PLEDGE NOW
Egypt's Elections: Islamists, Liberals And The Generals

With guest host John Donvan

Egyptians vote again and General Sisi is set to win. It has been a roller-coaster ride –from dictator Mubarak to the Muslim Brotherhood, it’s back to a military strongman.

An Egyptian woman registers her name at a polling center during the second day of voting in the presidential election as an army solider stands guard, in Cairo, Egypt, Tuesday, May 27, 2014.  (AP)

An Egyptian woman registers her name at a polling center during the second day of voting in the presidential election as an army solider stands guard, in Cairo, Egypt, Tuesday, May 27, 2014. (AP)

Democracy fails. That’s the election taking place this week on the other side of the earth in Egypt, the nation where Arab Spring supposedly was going to change everything. Instead, the army’s back in charge, deciding who can run and who’s banned. On the banned list: Egypt’s biggest party, the Muslim Brotherhood. They’re missing from this election. Also missing? Any outrage from the White House that the game was cooked. Which raises the question: In places where Islamist parties are likely to win, just how committed is the US to democracy?  This hour On Point: the Democratic election that isn’t. Not really.

— John Donvan

Guests

Louisa Loveluck, Egypt corespondent for the Christian Science Monitor. (@leloveluck)

Shadi Hamid, fellow at the Project on U.S. Relations with the Islamic World at the Brookings Institution’s Saban Center for Middle East Policy. Author of the new book, “Temptations of Power: Islamists & Illiberal Democracy in a New Middle East.”  (@shadihamid)

Robin Wright, journalist and author, distinguished scholar at the United States Institute of Peace and the Woodrow Wilson International Center. Author of “Rock the Casbah: Rage and Rebellion Across the Islamic World,” “The Iran Primer: Power Politics and U.S. Policy” and “The Islamists are Coming: Who They Really Are.” (@wrightr)

From The Reading List

The Atlantic: The Future of Democracy in the Middle East: Islamist and Illiberal — “Illiberal democracy has risen to prominence in part because Western Europe’s careful sequencing of liberalism first and democracy later is no longer tenable—and hasn’t been for some time. Knowing that democracy, or something resembling it, is within reach, citizens have no interest in waiting indefinitely for something their leaders say they aren’t ready for.”

Christian Science Monitor: Egypt extends voting by a day in latest bid to boost low turnout — “In a vote that has often resembled a coronation more than a contest, high turnout is crucial to the legitimacy of the results. Early returns show Mr. Sisi winning by a landslide. But the low turnout indicates that a large swath of voters – far more than just the Islamists who have been pushed underground – are not convinced the former military chief can fulfill his promises of security, stability, and economic growth in the deeply divided country. ”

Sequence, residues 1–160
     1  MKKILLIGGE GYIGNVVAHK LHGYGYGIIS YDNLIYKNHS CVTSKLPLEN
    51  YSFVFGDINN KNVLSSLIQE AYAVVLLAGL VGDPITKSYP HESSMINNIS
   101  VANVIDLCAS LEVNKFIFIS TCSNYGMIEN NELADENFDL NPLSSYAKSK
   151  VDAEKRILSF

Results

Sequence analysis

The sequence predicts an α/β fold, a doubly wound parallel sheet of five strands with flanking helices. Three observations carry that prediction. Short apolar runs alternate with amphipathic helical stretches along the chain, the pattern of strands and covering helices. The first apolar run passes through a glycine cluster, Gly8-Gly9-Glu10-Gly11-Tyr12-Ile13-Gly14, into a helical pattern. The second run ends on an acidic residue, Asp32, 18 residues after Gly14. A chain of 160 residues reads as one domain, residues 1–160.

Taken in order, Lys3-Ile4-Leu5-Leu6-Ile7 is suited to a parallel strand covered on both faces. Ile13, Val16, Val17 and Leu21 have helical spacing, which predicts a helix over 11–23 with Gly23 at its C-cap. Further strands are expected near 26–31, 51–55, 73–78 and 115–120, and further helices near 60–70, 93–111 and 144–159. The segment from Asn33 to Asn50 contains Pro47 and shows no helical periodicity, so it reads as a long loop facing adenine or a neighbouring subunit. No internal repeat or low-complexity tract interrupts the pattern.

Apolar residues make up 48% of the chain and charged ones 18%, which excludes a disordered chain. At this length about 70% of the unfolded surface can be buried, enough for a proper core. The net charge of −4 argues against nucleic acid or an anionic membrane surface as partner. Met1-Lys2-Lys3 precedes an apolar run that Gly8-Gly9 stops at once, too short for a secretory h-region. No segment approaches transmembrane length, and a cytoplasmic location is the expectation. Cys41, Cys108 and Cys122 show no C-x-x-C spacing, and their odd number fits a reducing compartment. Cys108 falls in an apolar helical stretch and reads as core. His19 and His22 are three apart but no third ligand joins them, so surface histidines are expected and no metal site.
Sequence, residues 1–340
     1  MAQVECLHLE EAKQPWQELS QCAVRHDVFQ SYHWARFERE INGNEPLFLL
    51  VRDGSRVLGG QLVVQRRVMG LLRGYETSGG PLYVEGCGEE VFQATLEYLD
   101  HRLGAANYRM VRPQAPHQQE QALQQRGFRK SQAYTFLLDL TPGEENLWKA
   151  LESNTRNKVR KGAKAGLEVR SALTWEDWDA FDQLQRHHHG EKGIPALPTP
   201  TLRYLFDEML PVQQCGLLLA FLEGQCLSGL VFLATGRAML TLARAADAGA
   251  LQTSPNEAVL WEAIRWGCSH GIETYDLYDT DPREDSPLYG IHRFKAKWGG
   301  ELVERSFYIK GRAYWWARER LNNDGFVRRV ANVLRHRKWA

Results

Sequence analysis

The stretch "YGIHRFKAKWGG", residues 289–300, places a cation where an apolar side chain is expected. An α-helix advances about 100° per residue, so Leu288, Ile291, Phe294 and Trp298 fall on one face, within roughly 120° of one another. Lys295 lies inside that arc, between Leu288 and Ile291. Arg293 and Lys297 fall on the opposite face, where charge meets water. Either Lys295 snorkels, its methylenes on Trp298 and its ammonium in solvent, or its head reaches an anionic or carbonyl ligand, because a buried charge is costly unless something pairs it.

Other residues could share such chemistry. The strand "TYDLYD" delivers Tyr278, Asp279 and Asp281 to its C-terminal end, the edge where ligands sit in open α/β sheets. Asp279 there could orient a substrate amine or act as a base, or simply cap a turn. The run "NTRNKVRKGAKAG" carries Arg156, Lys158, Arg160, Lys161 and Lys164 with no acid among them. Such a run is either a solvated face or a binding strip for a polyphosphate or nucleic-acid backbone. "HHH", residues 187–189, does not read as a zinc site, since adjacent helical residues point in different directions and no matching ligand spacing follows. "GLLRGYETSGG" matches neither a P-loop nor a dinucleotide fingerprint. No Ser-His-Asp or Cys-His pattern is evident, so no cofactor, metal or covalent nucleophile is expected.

Washington Post: If Thailand is a coup, why wasn’t Egypt? — “The Obama administration ultimately side-stepped the decision on whether Egypt was a coup or not entirely. There seems to be a disconnect there, and it clearly wasn’t lost on reporters at Thursday’s State Department briefing. So what exactly is different about Thailand and Egypt? According to Jay Ulfelder, an American political scientist who focuses on political instability, not as much as the State Department hopes.”

Please follow our community rules when engaging in comment discussion on this site.
ONPOINT
TODAY
May 30, 2016
Author and Harvard Business School social psychologist Amy Cuddy. (Photo by Bob O'Connor / Courtesy The Author)

Strike a power pose. Social psychologist Amy Cuddy on the power of presence when you’re ready to act and win.

May 30, 2016
Rock icon Donald Fagen looks back on a lengthy and ongoing career in his new memoir 'Eminent Hipsters.' He co-founded the classic rock group Steely Dan with Walter Becker in 1972. (Penguin Books USA)

Steely Dan frontman Donald Fagen talks “eminent hipsters” and the cultural outliers that shaped his sound. He joins us.

RECENT
SHOWS
May 27, 2016
In this Oct. 27, 2015, photo,  Big Muddy Farms, an urban farm in northern Omaha, Neb. is seen amongst residential homes. (AP Photo/Nati Harnik)

Just in time for Memorial Day weekend, we’ve got top gardeners spilling the beans on how to grow everything.

 
May 27, 2016
Riot police block off the Albuquerque Convention Center to anti-Trump protests following a rally and speech by Republican presidential candidate Donald Trump at the convention center where the event was held, in Albuquerque, N.M., Tuesday, May 24, 2016. (AP Photo/Brennan Linsley)

Obama at Hiroshima. Turmoil at Trump rallies. Clinton’s emails, heating up. Sanders predicts a “messy” convention. Our weekly news roundtable goes behind the headlines.

On Point Blog
On Point Blog
In The Garden, Mother Nature Makes The Rules
Friday, May 27, 2016

Executive producer Karen Shiffman explains why she turns to her garden for food, friends and natrual comfort.

More »
Comment
 
WWII Vet Larry Kirby Reflects On American Values
Thursday, May 26, 2016

Looking ahead to Memorial Day, a World War II veteran looks back at the experiences that mattered to him, both in and out of war.

More »
Comment
 
Gloria Steinem Explains Her ‘Bernie Boys’ Comment
Tuesday, May 24, 2016

Feminist activist Gloria Steinem explains why her apparent diss of female supporters of Sen. Bernie Sanders was anything but.

More »
Comment